You Know, for Kids!

A trip to the toy section of my local Target recently drove home the truism that “times change”. Kids toys are among the first to take advantage of new technologies but on this trip I wasn’t browsing video games, I was considering how much board games have changed since I was a kid. Oh sure you can still pick up the classics like Clue or Monopoly, but many of my favorite childhood board games are long gone. They were published when the world was less politically correct and parents didn’t sue toy companies at the drop of a hat. Here are three of the risque games I used to love to play as a kid. Strangely, all of them revolve around the ocean for some reason.

The Sinking of the Titanic (1975)

Here’s an idea: let’s take one of the worst maritime disasters in history and turn it into a child’s game where everyone except the winner drowns an icy death! Published in 1975 by Milton Bradley, The Sinking of the Titanic challenged players to escape their state rooms aboard the doomed luxury liner and make for the life boats as the ship slowly sinks into the frigid waters of the North Atlantic.

After the ship sinks, the players must get enough of food and water by visiting islands and/or drawing cards to stay alive until the rescue boat appears. The first player to make it to the rescue boat wins the game. The other lifeboats and all the other passengers in them are lost, leaving only the one victor and his/her passengers who are saved.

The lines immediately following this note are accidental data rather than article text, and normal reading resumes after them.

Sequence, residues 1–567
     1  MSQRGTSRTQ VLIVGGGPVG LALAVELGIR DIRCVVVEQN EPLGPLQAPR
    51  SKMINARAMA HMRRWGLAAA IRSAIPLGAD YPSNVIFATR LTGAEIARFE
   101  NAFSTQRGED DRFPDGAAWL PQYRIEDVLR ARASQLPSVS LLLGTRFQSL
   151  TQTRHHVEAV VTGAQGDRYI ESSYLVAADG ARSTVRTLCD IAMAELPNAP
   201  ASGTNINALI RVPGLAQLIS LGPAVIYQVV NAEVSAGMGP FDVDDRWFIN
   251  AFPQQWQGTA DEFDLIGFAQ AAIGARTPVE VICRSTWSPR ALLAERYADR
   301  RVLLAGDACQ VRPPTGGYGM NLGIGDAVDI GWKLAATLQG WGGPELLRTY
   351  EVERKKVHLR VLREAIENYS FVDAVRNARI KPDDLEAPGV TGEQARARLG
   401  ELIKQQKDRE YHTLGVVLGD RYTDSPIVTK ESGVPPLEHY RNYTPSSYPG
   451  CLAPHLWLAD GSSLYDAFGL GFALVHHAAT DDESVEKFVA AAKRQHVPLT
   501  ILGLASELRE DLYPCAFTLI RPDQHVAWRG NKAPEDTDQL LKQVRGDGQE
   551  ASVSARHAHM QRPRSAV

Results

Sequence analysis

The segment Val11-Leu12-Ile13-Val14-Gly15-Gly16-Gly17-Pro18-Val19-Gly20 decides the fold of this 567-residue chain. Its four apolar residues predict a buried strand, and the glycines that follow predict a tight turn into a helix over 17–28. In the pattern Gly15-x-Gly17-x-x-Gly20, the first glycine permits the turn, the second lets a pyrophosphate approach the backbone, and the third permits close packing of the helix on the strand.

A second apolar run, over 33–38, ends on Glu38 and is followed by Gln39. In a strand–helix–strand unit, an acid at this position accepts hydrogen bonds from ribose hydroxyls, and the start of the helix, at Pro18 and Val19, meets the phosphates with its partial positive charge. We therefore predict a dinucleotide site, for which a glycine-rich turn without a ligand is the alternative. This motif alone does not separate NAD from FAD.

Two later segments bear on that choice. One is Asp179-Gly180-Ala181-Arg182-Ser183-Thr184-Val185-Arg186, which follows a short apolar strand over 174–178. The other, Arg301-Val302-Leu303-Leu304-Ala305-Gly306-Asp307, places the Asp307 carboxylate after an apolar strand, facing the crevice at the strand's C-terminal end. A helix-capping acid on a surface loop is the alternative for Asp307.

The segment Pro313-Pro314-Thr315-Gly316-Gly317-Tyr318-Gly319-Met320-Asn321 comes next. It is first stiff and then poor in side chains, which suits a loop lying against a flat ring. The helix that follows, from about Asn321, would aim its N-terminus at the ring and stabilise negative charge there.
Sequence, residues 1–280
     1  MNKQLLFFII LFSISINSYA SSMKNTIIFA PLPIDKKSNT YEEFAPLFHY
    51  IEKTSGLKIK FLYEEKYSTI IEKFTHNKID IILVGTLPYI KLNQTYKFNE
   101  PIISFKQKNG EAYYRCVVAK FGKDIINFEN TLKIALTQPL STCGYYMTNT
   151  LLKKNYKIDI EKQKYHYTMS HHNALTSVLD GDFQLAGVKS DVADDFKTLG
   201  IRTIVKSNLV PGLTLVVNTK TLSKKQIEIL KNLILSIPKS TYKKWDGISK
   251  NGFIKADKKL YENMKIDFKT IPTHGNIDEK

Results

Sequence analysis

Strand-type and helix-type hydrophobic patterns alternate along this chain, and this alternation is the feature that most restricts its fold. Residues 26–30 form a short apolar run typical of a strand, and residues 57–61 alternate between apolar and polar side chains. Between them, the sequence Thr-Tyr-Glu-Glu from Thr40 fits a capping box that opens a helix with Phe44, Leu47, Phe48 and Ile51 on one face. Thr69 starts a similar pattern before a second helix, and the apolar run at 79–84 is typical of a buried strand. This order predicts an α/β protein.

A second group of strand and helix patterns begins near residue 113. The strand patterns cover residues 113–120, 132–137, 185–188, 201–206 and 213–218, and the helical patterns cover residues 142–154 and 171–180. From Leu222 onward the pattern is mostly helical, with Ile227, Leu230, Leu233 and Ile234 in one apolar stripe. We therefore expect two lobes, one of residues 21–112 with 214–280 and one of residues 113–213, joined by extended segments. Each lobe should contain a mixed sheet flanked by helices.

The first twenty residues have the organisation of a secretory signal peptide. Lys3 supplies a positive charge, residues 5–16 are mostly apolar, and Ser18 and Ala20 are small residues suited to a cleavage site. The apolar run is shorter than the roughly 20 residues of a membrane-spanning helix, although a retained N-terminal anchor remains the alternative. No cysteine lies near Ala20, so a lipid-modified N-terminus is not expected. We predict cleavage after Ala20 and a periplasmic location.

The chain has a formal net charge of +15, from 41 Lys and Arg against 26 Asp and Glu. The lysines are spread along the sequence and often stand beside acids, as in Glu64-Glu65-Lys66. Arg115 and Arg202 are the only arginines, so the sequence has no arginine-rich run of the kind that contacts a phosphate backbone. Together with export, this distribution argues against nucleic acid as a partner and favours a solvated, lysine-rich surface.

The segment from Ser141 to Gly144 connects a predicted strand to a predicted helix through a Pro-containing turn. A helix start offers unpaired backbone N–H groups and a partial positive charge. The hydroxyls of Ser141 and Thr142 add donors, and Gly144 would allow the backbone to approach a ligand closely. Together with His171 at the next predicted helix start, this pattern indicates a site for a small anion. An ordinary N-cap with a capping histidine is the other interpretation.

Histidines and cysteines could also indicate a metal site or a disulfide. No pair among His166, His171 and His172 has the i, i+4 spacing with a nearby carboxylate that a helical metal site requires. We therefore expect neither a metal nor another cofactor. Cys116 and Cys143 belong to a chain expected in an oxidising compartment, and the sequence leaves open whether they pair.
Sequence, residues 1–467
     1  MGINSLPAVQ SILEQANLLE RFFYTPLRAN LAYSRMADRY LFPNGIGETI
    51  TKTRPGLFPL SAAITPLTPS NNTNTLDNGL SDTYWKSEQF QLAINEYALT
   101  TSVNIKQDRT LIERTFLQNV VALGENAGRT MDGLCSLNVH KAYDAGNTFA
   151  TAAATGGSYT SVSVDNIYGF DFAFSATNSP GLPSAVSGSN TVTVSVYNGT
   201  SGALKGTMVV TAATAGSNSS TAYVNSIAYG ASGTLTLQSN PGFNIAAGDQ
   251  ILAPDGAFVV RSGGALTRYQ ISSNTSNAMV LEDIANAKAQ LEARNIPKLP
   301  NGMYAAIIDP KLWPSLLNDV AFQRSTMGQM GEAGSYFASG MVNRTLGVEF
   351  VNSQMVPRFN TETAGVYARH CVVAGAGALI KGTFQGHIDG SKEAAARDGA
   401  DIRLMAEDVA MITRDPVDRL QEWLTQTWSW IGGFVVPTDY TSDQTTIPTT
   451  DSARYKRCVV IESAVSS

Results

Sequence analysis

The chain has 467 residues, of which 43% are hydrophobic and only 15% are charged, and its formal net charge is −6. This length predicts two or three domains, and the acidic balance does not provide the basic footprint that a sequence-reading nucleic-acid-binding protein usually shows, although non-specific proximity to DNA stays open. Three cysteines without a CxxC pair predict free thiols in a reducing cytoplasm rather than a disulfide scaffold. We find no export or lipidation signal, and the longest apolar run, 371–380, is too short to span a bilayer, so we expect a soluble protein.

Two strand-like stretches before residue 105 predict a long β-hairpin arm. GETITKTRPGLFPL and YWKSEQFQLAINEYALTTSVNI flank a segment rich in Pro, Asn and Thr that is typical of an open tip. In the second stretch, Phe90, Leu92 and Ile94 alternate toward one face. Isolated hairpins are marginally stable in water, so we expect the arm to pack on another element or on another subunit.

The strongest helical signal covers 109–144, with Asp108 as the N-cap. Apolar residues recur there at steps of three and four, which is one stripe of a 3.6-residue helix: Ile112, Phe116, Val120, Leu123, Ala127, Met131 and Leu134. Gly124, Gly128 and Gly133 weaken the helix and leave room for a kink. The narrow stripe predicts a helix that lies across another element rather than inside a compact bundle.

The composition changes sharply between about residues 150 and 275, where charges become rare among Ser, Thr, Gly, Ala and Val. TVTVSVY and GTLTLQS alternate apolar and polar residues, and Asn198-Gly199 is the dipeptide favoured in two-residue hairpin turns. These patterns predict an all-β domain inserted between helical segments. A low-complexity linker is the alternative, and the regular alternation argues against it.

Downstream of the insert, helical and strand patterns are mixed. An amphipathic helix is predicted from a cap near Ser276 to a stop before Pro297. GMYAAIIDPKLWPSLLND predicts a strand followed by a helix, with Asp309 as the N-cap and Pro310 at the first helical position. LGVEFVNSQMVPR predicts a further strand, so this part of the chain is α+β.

I love how it’s not enough to simply “win” the game, but how everyone who loses “dies”. How this game ever got made in the first place is beyond me, but I did have fun tilting the Titanic slowly below the waves with each roll of the dice. At the time, I don’t think I had any real understanding of the meaning of the game, which looking back, I’m sure was a very good thing since John Jacob Astor and Captain Smith were probably spinning in their watery graves.

The Bermuda Triangle (1976)

The 70’s were a big time for mysteries, myths and monsters so it’s not surprising that Milton Bradley would attempt to cash in on the biggest of them all, the Bermuda Triangle. For a kid who spent one too many Saturdays watching In Search Of… this game quickly became my all-time favorite. The rules were simple: maneuver your fleet of cargo ships safely around the parameter of the infamous Devil’s Triangle without getting gobbled up. Which ever player made it back to home port with the most valuable cargo won.

While the idea of transporting cargo was a nobel one, my friends and I often ditched that portion of the game, and simply tried to get our ships back to port in one piece. The game contained the ‘mysterious cloud’ – a plastic panel raised from the board on a central column – which moved around the board and twisted above the ships. There were magnets on the underside of the cloud and on top of the ships, so that if the cloud passed over your vessels you’d hear a “click” and your ships would be picked up and vanish from the board. Marvelous!

The Bermuda Triangle was another game that trafficked in the realm of real life tragedy. Although not as blatant as the Sinking of the Titanic, the game never-the-less played off of air and sea disasters in which people actually died. Despite this, I used to love the thrill I felt as my friends and I would spin the spinner and move “the cloud” closer and closer to our ships. While playing I’d often call out “Danger like dagger now!” Yes, I was a geek.

Jaws: The Game (1975)